The above are all Carrier Strike Groups that normally travel with about 7-8 support ships including one cruiser, several destroyers (usually a squadron of 4), a fast attack supply ship, some frigates ,and a fast attack submarine or maybe two. The support ships are designed to protect the carrier. A CVN is about 100,000 tons displacement and can carry approximately 85 aircraft. CVNs are nuclear powered and run 25 years between refuelings, which take three years to complete.

Explanation of Areas of Responsibility (AOR)

3rd Fleet AOR – Eastern & Northern Pacific, Alaska, Bering Sea
4th Fleet AOR – Central & South America
5th Fleet AOR - The Middle East, Arabian Gulf, East Africa
6th Fleet AOR – The Mediterranean Sea, Europe
7th Fleet AOR – Asian Pacific. Indian Ocean to International Date Line

Below are the Amphibious Ready Groups/Marine Expeditionary Units. The main ship here is a "baby" carrier that is about half the size or less of a CVN, about 40,000 tons displacement. It is designed to hold helicopters and Harrier VTOL jets. These guys can pull off a minor invasion, if necessary. They usually carry a handful of tanks. Marines, by and large, are light infantry. LHA is a “Landing Helicopter Assault.” LHD is a “Landing Helicopter Dock.”

LHA-5 Pelelieu is in home port, San Diego.
LHD-1 Wasp is underway in Atlantic participating in Bold Alligator.
LHD-2 Essex is in home port, Sasebo, Japan.
LHD-3 Kearsarge is in the Atlantic Ocean participating in Bold Alligator..
LHD-4 Boxer is in home port, San Diego. Non-deployable undergoing upgrades
LHD-5 Bataan is in the Atlantic headed home
LHD-6 Bonhomme Richard is in home port, San Diego.
LHD-7 Iwo Jima is in the Atlantic participating in Bold Alligator.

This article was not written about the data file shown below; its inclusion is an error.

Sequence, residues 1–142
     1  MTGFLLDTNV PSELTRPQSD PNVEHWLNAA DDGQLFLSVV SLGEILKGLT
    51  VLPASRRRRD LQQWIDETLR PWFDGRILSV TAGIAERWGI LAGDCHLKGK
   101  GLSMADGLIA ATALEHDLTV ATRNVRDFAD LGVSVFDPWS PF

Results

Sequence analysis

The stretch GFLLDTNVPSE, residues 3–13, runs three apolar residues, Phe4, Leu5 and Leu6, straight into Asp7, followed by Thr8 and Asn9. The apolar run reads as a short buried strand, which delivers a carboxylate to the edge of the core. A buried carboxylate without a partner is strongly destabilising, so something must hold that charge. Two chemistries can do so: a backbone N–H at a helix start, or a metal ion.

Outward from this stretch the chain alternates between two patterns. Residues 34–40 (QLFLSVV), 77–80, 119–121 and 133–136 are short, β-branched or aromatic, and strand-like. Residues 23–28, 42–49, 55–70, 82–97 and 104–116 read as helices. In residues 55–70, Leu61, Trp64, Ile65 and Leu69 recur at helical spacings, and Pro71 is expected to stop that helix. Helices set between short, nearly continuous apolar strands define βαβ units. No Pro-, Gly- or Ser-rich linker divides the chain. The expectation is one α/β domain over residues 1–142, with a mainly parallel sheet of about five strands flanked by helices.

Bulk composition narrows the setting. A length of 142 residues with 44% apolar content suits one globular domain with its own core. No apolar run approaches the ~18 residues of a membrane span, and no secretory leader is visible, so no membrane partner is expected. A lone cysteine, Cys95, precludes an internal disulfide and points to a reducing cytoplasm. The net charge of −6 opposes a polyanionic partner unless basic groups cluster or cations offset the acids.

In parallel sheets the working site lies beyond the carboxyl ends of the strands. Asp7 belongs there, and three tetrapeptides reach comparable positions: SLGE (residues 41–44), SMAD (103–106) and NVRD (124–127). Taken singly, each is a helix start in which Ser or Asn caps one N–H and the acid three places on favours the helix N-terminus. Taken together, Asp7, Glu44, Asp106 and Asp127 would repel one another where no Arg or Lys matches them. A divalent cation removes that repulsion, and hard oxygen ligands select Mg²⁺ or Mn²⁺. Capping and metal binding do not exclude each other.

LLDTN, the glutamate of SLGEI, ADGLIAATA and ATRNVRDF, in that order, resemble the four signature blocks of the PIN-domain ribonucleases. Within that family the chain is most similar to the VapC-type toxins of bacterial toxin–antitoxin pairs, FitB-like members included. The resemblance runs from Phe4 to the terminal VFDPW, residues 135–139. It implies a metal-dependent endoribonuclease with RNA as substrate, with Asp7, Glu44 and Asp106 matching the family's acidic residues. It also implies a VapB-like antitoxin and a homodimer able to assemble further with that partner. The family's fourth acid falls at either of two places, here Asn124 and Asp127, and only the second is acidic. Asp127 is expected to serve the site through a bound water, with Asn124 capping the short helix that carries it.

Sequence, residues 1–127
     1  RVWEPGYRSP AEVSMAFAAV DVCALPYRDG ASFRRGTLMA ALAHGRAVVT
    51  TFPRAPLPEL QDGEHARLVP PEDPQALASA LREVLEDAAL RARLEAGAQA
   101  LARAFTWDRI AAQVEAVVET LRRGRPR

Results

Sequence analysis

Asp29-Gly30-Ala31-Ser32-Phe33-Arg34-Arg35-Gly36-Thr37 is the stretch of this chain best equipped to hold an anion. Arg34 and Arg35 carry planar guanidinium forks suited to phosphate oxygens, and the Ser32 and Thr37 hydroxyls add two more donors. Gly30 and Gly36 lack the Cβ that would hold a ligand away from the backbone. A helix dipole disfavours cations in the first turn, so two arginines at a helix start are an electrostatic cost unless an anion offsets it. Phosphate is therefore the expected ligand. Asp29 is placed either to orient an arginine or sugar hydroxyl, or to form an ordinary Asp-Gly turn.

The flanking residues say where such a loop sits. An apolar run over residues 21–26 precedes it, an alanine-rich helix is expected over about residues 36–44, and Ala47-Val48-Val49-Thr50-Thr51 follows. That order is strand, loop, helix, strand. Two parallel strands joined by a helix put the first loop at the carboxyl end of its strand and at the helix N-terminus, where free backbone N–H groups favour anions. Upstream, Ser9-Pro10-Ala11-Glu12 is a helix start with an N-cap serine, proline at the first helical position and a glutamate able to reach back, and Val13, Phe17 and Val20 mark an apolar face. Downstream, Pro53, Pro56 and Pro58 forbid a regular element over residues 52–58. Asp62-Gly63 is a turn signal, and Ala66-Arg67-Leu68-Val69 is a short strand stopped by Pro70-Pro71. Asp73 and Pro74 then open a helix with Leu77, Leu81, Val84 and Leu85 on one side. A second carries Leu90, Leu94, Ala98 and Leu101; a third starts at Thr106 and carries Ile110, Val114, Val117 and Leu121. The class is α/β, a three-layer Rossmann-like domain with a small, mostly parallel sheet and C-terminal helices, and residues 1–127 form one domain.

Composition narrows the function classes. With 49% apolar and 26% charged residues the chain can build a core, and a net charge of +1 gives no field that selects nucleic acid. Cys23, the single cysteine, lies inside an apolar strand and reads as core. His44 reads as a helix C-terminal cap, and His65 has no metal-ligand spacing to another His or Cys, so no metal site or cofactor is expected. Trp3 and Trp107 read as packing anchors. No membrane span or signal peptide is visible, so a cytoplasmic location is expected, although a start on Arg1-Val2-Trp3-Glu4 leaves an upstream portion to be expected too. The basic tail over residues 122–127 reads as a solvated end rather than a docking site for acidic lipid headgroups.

LHD-8 Makin Island is in the 5th fleet AOR, reportedly near the Red Sea.
------
LHA-6 America, under construction, Avail. 2014, Northrop Grumann, Pascagoula.
LHA-7 unnamed, planned, Avail. 2017, Northrop Grumann, Pascagoula.

Official Status of the Navy: www.navy.mil... (This is not always accurate.)
Carrier Locations: gonavy.jp... (Usually very accurate.)

Decommissioned carriers still floating (except one):

CV-59 Forrestal, com: 1955, decom 1993, Newport, RI, Fate: scrap or sink
CV-60 Saratoga, com: 1956, decom 1994, Newport, RI, Fate: scrap or sink
CV-61 Ranger, com: 1957, decom 1993. Bremerton, WA, Fate: scrap or museum
CV-62 Independence, com: 1959, decom 1998, Bremerton, WA, Fate: scrap or sink
CV-63 Kitty Hawk, com 1961, decom 2009, Bremerton; WA, Fate: reserve until 2015
CV-64 Constellation, com 1961, decom 2003, Bremerton, Fate: scrap or sink
CV-66 America, com 1965, decom 1996, Fate: scuttled in live fire exercise, 2005
CV-67 John F Kennedy, com 1968, decom 2007, Philadelphia, Fate: donation hold

FAQs:

Why have a home port in Everett when PSNS Bremerton is a few miles away? Because of the tide. You can only get a CVN into PSNS at high tide because Rich Passage is not all that deep and there are ferry boats in the way. If the Navy wants to get underway quickly, they need a lot of water beneath the carrier. Everett fits the bill because it is on the “main drag” of Puget Sound and 800-1000 feet deep. Just hang onto your hat and get out of the way.

But a CVN only goes 35 MPH! It says so in the specs! OK. Have you ever seen a CVN put up a rooster tail above the flight deck? 35 MPH (Cough!) Whatever you say.



 
1

log in

join